For more information, please see FAQ number 6 in the UKRI (formerly RCUK) policy on open access FAQs (PDF) and Creative Commons about the licenses.
Please email the open access team
if you have any questions on the licences available from your journal.
RCUK (now UKRI) is monitoring compliance. The RCUK (now UKRI) policy describes a ‘journey’ to full Open Access. There is a transition period anticipated to be 5 years (from 2013)
The sanctions set out in the FAQs are that non-compliant research papers will not count towards the institution’s compliance target for open access. See UKRI (formerly RCUK) FAQs
(PDF) 2.2 & 2.3.
UKRI (formerly RCUK) has made available to St George’s an annual block grant in order to pay for open access article processing charges (APCs) for research papers arising from research they have funded.
See Open Access Publishing FAQs page
The author requesting reimbursement of the open access fee is to demonstrate that they are either the principal investigator or the corresponding author, and supply the grant reference number.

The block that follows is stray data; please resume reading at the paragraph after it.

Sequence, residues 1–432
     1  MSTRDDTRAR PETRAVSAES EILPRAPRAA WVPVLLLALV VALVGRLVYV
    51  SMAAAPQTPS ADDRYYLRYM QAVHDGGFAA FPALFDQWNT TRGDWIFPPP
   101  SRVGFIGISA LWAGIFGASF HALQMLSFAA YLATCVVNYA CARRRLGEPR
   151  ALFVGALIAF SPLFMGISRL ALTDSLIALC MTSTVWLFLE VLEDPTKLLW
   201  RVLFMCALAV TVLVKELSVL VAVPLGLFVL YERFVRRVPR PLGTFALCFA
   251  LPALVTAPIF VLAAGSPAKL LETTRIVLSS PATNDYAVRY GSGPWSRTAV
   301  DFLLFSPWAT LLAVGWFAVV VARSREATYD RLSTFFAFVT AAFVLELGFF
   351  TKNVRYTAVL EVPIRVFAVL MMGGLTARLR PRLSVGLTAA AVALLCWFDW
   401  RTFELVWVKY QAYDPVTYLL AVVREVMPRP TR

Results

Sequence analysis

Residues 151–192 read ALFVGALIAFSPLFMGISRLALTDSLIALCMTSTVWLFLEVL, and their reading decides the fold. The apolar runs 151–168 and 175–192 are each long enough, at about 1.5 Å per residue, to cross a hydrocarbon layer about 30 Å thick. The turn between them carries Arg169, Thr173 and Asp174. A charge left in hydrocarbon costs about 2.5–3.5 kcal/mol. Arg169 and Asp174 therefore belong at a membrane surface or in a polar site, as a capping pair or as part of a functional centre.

If the research grant was awarded before 1 April 2013 and funds were specified in the grant to cover publication costs, this should be used before using the UKRI (formerly RCUK) block grant.
The open access block funding provided to St George’s is to cover access publishing costs for UKRI (formerly RCUK) funded research from 1 April 2013.
These funds can be accessed by researchers at St George's. The specific conditions of the funder with regards to open access publication need to be met in order for St George's to use these funds to reimburse the article processing charges (APC).
The principal investigator or grant holder at St George's will need to complete the open access claim form and send a copy of the completed form and the publication to email@example.com
To claim, please see the top of the page.
If you have any queries, please contact your funder or email the open access team
If the article has arisen from research funded by more than one funder, where the block grant is available the cost of making the paper available on open access should be split proportionally.
Please indicate this on the open access claim form. The most restrictive publication terms of the funders should be complied with, as to not do so would make the publication non-compliant with that funder. Please get in touch with the funders or email the open access team
if you require further guidance.
Yes, St George’s will allow page charges and colour charges to be paid from the block grant.